Journal of Clinical and Diagnostic Research, ISSN - 0973 - 709X

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Original article / research
Table of Contents - Year : 2017 | Month : June | Volume : 11 | Issue : 6 | Page : ZC12 - ZC15

A Comparative Evaluation of the Influence of Command Set Methods on Microleakage of Glass Ionomer Cement: An In Vitro Study ZC12-ZC15

Sairaj Punnathara, Ramalingam Krishnakumar, Mohan Govindarajan, Momeka Kanaran, Sunil Thomas Philip, Aswin Saseendran Nair, Joby Peter

Correspondence
Dr. Sunil Thomas Philip,
Professor, Department of Paedodontics and Preventive Dentistry,
Aralumoodu P.O, Neyyatinkara-695123, Trivandrum, Kerala, India.
E-mail: rubysunildr@rediffmail.com

Introduction: A major challenge when using glass ionomer cement in clinical situation particularly in paediatric dentistry is to overcome the problem of microleakage. Fast or command setting of Type IX glass ionomer cement using external energy source enhances the setting reaction and results in improved initial physical and mechanical properties.

Aim: To compare and evaluate the influence of ultrasonic activation, halogen light irradiation and combined effect of both on microleakage of enamel adjacent to Type IX glass ionomer restorations.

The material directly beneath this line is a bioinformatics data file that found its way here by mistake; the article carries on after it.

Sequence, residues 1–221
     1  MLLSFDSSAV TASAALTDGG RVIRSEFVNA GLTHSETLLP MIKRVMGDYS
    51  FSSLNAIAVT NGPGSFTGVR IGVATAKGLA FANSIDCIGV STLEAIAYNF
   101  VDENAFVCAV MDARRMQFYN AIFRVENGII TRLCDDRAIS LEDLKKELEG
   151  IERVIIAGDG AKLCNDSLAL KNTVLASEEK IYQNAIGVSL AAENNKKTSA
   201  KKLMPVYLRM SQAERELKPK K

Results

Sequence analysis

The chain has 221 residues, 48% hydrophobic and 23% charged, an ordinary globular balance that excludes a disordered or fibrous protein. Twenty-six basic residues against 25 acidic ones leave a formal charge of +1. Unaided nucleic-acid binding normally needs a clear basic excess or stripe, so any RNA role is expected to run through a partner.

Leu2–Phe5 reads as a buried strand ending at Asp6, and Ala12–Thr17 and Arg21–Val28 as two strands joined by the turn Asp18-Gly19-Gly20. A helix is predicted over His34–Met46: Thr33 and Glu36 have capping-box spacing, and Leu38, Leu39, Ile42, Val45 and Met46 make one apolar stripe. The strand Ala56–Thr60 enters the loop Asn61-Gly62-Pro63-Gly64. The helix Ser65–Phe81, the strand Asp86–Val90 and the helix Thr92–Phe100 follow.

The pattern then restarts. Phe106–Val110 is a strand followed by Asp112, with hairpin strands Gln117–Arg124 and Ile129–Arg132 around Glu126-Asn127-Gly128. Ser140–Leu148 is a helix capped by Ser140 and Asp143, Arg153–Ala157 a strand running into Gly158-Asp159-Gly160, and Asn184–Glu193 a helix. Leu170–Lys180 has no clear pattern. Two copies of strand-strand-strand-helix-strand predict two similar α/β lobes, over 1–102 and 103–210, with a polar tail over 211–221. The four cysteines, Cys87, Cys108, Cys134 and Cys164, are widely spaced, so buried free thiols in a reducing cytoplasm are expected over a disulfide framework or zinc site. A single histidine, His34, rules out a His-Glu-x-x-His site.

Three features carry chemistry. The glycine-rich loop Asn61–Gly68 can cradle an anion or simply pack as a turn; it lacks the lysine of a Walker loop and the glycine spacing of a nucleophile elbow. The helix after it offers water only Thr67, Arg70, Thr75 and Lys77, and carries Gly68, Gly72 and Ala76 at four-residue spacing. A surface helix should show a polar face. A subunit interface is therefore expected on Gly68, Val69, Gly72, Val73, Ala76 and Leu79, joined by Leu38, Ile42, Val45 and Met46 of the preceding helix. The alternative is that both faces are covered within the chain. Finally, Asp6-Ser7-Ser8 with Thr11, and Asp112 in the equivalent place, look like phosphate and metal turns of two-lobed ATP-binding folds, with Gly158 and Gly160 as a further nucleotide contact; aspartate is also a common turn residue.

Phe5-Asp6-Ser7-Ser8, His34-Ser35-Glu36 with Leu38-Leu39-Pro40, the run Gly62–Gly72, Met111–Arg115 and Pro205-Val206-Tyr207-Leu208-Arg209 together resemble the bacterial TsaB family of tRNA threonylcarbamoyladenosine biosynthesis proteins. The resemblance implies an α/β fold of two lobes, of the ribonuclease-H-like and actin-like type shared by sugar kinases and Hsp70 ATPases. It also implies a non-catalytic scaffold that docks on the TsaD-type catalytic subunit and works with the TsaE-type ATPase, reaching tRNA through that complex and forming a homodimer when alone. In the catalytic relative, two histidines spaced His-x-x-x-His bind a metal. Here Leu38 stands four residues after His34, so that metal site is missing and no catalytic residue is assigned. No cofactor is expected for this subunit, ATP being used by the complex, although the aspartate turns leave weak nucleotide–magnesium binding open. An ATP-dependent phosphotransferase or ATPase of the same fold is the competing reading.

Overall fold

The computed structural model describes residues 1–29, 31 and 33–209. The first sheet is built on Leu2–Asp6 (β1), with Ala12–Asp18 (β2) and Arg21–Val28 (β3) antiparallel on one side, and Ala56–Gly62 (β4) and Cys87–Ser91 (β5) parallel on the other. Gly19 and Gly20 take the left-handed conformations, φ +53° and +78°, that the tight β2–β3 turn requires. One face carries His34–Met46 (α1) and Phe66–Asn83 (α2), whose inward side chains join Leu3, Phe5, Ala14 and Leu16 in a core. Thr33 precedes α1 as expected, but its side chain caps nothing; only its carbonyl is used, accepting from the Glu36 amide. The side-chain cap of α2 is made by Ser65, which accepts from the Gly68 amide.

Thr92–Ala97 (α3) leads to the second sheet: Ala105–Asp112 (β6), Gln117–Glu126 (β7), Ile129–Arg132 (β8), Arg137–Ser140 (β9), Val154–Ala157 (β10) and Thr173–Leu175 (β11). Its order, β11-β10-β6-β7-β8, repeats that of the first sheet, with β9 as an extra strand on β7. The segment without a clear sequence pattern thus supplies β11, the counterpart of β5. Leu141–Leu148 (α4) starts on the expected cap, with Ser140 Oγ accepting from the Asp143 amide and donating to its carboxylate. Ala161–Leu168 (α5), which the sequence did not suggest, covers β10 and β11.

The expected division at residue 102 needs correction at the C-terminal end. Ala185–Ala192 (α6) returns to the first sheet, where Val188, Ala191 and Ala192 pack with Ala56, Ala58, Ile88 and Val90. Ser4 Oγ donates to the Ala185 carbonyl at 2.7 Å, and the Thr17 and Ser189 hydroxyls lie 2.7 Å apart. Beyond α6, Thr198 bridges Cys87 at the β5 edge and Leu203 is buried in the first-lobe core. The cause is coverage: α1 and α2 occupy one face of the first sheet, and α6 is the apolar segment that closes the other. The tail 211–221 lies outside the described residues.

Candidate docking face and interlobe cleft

Materials and Methods: For forty premolar teeth, standard Class V cavities prepared were restored with GC Gold Label Type IX glass ionomer cement in vitro. The specimens were randomly divided into four groups: 1) Control group; 2) halogen group; 3) ultrasonic group; 4) ultrasonic with halogen group. The teeth were kept in distilled water for 24 hours. Teeth were exposed to 1500 thermocycles at temperature of 12°C ±2 and 60°C ±2 with alternate immersion in hot and cold water for one minute. First teeth were immersed in dye solution for four hours and then in developing solution for four hours. The samples were sectioned buccolingually through centre of the restorations and degree of dye penetration was assessed under stereomicroscope and scored. One-Way ANOVA model was constructed followed by post-hoc Tukey’s test for multiple pair wise comparison of mean values.

Results: Statistically significant differences were found in microleakage among the four groups (p<0.001) with respect to dye penetration. Halogen group showed least microleakage followed by control but differences between them were statistically not significant (p>0.05). Similarly the differences between Ultrasonic plus halogen group and ultrasonic group were not significant (p>0.05). The differences between ultrasonic and halogen group were statistically significant (p<0.05).

Conclusion: Halogen light decreases the microleakage of enamel adjacent to GC Type IX glass ionomer restorations, when used to accelerate the setting reaction of glass ionomers and can be used as command set method in paediatric dentistry.